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The top panel includes the usual audio in / out connectors along with an on / off switch and a reset button. Hiper has also included a pair of USB 2.0 connectors and an eSATA port if you happen to have an eSATA hard drive enclosure or other device. Upon first glance, this placement may look perfect for accessibility and you would be correct if you have the Osiris placed on the floor or on top of the desk where the top panel is easily accessible. However, if you are like me and place your case inside of a desk where there is only about 2” of clearance between the top of the case and the bottom of your desk, you are in a bit of trouble. Inserting a USB flash drive becomes a lesson in futility and you will continually find yourself groping around for the on / off button.

The top exhaust fan is placed here due in part to the Osiris having a bottom-mounted power supply. The reason for this is that in a standard ATX case with the PSU at the top, the power supply fan is supposed to act as part of the nominal airflow scheme. Since the Osiris has the power supply located at the bottom, Hiper added a 120mm exhaust fan to pick up some of the slack.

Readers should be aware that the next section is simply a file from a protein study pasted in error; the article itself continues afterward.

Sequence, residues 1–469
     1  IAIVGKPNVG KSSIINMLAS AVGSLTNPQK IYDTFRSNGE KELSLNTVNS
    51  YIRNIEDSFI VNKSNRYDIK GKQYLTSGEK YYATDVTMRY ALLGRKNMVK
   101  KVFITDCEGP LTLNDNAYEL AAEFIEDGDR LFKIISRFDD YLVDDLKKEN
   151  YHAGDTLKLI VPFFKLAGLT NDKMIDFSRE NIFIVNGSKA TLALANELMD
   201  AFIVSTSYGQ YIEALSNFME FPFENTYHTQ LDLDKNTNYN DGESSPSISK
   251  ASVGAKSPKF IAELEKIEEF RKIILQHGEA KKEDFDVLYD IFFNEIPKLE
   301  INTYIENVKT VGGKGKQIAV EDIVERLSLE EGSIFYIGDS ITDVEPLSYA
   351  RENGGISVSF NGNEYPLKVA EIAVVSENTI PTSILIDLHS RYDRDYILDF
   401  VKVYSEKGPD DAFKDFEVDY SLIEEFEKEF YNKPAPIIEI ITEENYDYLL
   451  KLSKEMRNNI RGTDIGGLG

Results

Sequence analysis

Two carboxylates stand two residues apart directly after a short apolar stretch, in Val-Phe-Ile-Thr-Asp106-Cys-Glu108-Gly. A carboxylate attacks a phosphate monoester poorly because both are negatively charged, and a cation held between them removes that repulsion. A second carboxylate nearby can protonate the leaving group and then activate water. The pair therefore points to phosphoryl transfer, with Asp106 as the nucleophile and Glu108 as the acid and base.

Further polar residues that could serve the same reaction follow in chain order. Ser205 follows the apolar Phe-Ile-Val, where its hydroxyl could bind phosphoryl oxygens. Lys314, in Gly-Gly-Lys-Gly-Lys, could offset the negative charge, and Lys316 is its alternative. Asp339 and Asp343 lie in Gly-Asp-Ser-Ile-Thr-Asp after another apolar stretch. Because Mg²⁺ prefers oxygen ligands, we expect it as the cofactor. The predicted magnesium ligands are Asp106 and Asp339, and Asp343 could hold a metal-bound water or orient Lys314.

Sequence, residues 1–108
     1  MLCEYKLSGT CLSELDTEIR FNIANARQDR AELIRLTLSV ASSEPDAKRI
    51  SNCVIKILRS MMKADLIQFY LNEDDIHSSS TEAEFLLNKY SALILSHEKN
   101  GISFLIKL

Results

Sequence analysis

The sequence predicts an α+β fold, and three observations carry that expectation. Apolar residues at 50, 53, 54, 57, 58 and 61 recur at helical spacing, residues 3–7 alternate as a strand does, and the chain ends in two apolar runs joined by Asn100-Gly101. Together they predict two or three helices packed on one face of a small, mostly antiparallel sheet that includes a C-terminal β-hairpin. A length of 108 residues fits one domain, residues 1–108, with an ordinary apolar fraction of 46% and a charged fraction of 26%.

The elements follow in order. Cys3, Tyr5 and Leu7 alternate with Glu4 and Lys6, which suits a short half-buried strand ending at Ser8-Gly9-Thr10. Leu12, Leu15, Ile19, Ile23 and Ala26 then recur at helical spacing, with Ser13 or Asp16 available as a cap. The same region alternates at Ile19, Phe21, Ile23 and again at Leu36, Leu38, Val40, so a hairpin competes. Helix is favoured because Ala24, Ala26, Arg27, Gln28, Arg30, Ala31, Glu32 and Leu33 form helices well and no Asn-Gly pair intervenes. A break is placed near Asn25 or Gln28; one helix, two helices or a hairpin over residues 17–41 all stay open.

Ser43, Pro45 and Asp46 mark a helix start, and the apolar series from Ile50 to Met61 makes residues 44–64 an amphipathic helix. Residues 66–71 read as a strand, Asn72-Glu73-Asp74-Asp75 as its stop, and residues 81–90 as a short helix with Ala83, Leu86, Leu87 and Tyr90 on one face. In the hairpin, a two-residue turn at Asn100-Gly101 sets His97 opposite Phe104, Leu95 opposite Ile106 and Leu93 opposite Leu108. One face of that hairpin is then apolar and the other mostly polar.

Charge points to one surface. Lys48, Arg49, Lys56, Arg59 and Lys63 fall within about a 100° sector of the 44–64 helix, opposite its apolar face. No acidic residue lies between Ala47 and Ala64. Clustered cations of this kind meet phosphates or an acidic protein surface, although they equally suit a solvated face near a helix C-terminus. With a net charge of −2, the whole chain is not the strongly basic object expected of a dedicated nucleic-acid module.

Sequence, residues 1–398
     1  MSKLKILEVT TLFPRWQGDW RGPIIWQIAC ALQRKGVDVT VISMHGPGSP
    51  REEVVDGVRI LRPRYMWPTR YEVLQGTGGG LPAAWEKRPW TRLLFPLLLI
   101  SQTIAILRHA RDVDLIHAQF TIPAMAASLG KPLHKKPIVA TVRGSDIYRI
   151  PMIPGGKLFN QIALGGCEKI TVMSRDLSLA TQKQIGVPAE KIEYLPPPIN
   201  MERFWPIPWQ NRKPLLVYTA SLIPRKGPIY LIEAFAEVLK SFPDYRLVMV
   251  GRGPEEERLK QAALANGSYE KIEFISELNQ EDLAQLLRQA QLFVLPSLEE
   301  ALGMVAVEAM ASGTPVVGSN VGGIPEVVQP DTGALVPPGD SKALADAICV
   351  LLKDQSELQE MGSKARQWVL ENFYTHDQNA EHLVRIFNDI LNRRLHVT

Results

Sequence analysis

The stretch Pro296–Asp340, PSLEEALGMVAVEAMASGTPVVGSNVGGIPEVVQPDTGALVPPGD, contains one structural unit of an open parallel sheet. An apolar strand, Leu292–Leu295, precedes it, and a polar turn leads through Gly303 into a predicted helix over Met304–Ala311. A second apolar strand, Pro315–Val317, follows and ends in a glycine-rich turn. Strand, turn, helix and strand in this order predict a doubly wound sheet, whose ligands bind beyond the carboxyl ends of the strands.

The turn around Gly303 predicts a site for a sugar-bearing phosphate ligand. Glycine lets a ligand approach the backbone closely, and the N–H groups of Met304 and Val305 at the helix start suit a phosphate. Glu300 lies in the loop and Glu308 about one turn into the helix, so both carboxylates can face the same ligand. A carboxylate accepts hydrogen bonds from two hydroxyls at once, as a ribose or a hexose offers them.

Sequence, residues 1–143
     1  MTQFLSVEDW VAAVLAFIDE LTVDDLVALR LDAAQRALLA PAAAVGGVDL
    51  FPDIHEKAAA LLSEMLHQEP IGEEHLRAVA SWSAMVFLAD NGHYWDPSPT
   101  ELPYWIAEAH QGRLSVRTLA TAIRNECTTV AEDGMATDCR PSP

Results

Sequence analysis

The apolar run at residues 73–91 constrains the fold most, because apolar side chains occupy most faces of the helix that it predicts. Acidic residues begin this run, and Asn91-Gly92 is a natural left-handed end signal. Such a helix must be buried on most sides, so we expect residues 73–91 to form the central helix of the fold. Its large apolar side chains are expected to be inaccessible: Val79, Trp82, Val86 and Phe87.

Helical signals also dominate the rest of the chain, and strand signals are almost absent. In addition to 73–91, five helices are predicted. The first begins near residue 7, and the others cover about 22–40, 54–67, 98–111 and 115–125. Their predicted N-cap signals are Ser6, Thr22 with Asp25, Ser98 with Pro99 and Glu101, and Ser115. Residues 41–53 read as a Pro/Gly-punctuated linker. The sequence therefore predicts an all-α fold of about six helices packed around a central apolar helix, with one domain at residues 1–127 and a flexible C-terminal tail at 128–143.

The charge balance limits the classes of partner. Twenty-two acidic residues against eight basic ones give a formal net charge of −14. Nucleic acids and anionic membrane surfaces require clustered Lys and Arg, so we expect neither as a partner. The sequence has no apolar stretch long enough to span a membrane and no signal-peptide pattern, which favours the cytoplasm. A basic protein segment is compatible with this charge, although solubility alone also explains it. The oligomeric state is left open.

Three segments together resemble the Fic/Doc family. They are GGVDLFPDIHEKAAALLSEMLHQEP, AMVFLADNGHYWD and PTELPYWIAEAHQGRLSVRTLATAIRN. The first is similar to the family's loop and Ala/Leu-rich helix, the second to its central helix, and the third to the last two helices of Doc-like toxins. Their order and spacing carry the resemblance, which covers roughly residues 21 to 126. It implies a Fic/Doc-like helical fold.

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The bottom of this case holds a quartet of self-leveling feet that have soft rubber applied to their undersides. Not only does this rubber cut down on the natural vibrations that go through any chassis but they also make it a breeze to slide the Osiris from one place to another.
 
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SKYMTL

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Interior Impressions

Interior Impressions